I’d forgotten about these. Some one posted them on Facebook, and it was a great trip down memory lane.
Ah, the future of the past.
Forget jetpacks and flying cars, here’s a glimpse, from 17 years ago, of a future that actually worked out.
To be fair, that’s largely because futures don’t come out of nowhere. I doubt any of those were pie-in-the-sky then, they were all long-lead-time things that AT&T was working with partners on at the time. But, even so, it’s impressive in retrospect how accurately the predictions are. Just because something looks good on the drawing board, it doesn’t always turn out that way in real life.
It’s interesting how the reality differs from the vision, though; sometimes for better, sometimes for worse.
“Have you ever borrowed a book, from thousands of miles away?” Can you imagine only being able to read a book electronically on your computer if you had a connection to a physical copy somewhere? Or, for that matter, only being able to read a book electronically on your computer? I can read a book on my telephone, even if it doesn’t exist anywhere in physical form.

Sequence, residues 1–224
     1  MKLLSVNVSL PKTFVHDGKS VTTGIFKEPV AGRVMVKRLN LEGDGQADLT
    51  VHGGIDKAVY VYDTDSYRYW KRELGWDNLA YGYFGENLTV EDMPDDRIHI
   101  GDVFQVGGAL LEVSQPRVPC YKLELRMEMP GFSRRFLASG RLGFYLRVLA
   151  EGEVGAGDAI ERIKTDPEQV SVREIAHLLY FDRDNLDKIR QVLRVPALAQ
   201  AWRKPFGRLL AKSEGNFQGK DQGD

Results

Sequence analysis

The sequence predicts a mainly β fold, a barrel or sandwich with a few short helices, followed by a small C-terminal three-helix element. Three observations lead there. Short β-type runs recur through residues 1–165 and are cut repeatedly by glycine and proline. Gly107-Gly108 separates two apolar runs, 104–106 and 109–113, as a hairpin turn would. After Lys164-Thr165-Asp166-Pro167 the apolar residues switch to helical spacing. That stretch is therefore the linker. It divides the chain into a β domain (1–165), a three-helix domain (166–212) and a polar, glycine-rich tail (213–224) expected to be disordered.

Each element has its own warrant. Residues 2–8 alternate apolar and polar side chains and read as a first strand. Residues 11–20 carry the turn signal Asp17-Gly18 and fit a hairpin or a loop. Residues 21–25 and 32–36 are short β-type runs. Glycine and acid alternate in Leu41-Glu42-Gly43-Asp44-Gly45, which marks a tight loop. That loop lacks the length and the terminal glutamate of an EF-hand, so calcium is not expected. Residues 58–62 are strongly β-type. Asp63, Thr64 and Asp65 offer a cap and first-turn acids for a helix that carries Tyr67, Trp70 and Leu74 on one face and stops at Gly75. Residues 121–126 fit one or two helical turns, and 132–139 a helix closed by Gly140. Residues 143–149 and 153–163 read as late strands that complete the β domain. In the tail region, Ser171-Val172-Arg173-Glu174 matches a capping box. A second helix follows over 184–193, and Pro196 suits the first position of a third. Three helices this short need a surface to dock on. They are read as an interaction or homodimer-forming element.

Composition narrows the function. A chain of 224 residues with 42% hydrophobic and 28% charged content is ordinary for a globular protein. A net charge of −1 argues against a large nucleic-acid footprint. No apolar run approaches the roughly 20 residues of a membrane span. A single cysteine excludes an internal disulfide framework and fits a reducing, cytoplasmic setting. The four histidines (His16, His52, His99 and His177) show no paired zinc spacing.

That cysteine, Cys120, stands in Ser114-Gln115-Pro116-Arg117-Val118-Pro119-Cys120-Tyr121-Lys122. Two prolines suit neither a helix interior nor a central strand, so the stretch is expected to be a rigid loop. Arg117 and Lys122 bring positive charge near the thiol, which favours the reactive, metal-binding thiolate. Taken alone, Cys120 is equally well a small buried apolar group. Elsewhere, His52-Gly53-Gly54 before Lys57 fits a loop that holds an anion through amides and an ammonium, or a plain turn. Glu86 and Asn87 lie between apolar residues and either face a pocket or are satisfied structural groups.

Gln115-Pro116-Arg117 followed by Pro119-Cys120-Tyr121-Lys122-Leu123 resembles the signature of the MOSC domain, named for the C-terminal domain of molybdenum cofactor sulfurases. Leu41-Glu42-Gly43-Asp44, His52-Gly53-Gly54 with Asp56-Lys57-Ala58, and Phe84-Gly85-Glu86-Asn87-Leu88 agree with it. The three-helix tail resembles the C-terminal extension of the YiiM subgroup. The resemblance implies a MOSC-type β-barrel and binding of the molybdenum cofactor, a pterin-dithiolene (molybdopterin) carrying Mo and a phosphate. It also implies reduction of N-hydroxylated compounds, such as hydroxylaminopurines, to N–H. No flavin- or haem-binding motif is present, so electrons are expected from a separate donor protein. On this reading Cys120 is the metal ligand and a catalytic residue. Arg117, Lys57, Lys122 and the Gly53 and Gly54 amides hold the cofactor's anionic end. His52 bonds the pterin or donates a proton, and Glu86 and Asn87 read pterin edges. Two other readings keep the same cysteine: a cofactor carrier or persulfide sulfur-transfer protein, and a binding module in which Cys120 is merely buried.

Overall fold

“Or sent someone a fax from the beach?” Um, I could. But why? Should I also sent a telegraph from the mall? Or semaphores from the bathroom?
“Bought concert tickets from a cash machine?” OK, I shouldn’t complain, because I CAN buy concert tickets from my computer. Or my telephone. But a cash machine? No. And it’s not that I really want to, but it’s a reminder how of AT&T missed this one probably because they underestimated what a closed system buying concert tickets was. The limitations here aren’t technology, but Ticketmaster. Moore’s Law doesn’t factor in greed.
Likewise carrying “your medical history in your wallet.” The technology’s there, but the bureaucracy isn’t. To be honest, I’m not sure if that’s a good thing or a bad thing. I like the idea of convenience, but I’m not really sure who I want owning that repository of information.
I’ve never “opened doors with the sound of your voice,” but every time I lock my car from several feet away using a button on a remote, it bugs me that I still have to put a key in a keyhole and turn to open my house. I want the convenience of confirming that I locked my house with a quick double-click of a button that I have with my car. Someone make that happen for me, please.
The one that’s most intriguing, though, is this idea of “tucking your baby in from a phone booth.” Now, right now I have video calling on my iPhone, but it’s a small screen. I can do a video chat on a larger screen with my laptop, but that involves lugging it around and setting it up. I’m intrigued by the notion of having a kiosk that would allow you to do this somewhere. Again, it seems like the technology’s there, so whatever prevented this so-called “phone booth” from becoming a reality?